Another evident theme is men, women, and relationships. The author brings this out through the man and the woman's characters as well as their relationship, which is marriage. It is ironic that even though the two are married and are in fact on their honeymoon, the man holds such strong sentiments against the act of women and children being saved first instead of men. After this revelation, the relationship between the husband and wife seems a bit shaky and unstable judging from how the story ends. Even though we do not get to know the wife's actions if any, it is clear that the relationship may not be the same again since the man believes that men have a higher worth than women and it will affect the quality of their married life. The wife's act of self-suppression and concealment when she merely "turns her face away" after hearing the unfortunate statement, suggests that the relationship, which is a representation of the accustomed dynamic between women and men during those times, may remain stuck in that unhealthy state until it eventually falls apart. It is a flawed marriage from the onset.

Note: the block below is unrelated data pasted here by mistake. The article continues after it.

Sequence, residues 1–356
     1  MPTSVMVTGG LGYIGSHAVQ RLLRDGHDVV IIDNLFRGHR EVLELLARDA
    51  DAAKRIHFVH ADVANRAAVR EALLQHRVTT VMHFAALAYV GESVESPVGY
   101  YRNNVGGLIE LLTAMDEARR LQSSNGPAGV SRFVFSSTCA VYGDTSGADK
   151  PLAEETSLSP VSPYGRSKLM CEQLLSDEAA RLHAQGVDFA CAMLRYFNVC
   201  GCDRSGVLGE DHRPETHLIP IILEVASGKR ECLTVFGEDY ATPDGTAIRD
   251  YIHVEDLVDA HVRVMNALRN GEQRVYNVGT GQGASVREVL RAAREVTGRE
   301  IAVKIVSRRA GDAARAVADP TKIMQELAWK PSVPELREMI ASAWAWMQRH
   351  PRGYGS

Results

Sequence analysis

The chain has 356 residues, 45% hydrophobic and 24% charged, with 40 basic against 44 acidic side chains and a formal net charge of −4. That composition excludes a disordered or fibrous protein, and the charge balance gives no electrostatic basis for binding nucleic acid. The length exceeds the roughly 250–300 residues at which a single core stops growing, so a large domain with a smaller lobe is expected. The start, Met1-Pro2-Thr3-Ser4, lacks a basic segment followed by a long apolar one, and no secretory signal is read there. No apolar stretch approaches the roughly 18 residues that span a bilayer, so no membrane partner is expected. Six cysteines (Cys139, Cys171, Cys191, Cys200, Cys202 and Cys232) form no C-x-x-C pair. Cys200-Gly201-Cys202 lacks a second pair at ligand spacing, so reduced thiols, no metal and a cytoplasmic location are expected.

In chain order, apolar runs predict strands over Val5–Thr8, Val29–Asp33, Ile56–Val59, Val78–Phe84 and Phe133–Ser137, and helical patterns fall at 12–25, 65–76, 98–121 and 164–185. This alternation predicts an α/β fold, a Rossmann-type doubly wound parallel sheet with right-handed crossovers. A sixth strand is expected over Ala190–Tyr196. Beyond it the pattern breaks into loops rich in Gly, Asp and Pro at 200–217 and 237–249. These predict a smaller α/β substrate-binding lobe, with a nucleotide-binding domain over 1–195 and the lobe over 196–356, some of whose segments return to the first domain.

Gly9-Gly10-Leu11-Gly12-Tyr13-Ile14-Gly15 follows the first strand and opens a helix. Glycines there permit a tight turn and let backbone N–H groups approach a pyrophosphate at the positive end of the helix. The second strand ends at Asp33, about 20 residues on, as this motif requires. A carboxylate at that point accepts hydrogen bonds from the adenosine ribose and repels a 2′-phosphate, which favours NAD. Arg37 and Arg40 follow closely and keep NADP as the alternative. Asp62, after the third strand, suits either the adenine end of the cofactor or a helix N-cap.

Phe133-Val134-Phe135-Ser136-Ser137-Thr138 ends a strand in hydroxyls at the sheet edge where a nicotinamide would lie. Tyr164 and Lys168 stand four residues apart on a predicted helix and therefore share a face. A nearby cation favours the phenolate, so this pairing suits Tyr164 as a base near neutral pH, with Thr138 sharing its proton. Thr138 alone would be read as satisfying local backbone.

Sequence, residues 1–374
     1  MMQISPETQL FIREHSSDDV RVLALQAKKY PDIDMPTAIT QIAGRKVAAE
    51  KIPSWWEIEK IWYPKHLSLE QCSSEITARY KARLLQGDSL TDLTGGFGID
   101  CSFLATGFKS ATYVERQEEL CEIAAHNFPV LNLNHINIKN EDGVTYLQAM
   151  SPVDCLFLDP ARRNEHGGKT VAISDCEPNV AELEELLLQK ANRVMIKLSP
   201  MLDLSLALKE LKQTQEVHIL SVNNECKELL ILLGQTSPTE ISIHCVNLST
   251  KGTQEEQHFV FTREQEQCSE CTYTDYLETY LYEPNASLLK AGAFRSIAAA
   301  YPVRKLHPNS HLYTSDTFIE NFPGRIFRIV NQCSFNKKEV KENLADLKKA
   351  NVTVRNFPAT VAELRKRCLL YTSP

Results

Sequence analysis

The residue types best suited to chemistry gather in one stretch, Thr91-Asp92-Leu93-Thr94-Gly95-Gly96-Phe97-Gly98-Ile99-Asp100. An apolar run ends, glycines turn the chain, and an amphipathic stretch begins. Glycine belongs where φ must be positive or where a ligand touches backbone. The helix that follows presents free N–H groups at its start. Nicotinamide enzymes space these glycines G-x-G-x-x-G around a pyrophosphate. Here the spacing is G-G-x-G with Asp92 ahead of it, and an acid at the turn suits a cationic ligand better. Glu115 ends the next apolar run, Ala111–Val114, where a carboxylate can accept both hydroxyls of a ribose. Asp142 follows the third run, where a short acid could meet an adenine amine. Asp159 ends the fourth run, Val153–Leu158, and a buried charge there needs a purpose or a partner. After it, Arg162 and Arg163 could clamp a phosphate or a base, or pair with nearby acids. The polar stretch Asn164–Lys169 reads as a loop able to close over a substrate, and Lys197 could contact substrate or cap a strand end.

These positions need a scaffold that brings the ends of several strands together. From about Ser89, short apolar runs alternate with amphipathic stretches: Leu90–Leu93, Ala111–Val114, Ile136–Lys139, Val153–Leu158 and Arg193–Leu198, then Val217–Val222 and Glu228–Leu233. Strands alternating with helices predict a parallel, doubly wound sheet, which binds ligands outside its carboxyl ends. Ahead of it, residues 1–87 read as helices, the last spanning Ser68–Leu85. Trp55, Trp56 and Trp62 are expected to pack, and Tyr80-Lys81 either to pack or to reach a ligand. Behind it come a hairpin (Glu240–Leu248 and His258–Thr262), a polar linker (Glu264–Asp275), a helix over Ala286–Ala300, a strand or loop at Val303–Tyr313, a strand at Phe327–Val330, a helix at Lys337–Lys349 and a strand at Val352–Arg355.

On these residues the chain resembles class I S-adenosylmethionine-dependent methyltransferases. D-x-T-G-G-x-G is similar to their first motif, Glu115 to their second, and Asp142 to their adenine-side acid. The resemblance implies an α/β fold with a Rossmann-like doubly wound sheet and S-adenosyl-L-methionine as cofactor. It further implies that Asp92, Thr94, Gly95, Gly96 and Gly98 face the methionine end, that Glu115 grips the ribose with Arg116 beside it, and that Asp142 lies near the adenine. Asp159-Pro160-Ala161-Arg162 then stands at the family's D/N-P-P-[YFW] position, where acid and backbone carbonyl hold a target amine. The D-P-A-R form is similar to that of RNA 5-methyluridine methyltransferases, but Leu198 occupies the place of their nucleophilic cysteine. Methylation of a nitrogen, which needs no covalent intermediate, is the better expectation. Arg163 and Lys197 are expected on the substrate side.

Additionally, Kercheval also makes use of some elements of chauvinism as regards the husband opinion of the incident. The statement made by the man speaks for itself. To him, women appear as mere objects of procreation to assist men in continuation of families and not partners with whom unions are made. Furthermore, the man says these without any regret or consideration of the fact that his wife is expecting their first child. He sounds unremorseful in his statement. What makes the situation worse is the reaction of the wife. She does not seem bothered or disturbed enough to speak up about how she feels regarding such derogatory comments coming from the father of her unborn child and newly wedded husband. She merely conceals her emotions by turning her face, but deep down she feels like she is drowning yet nobody is coming to her rescue. The man is inconsiderate and patronizing whereas the woman who is just 18 years old is young and naive and unable to defend herself. The man, therefore, assumes the dominant position and the wife see nothing wrong in being passive even though she is troubled by the events.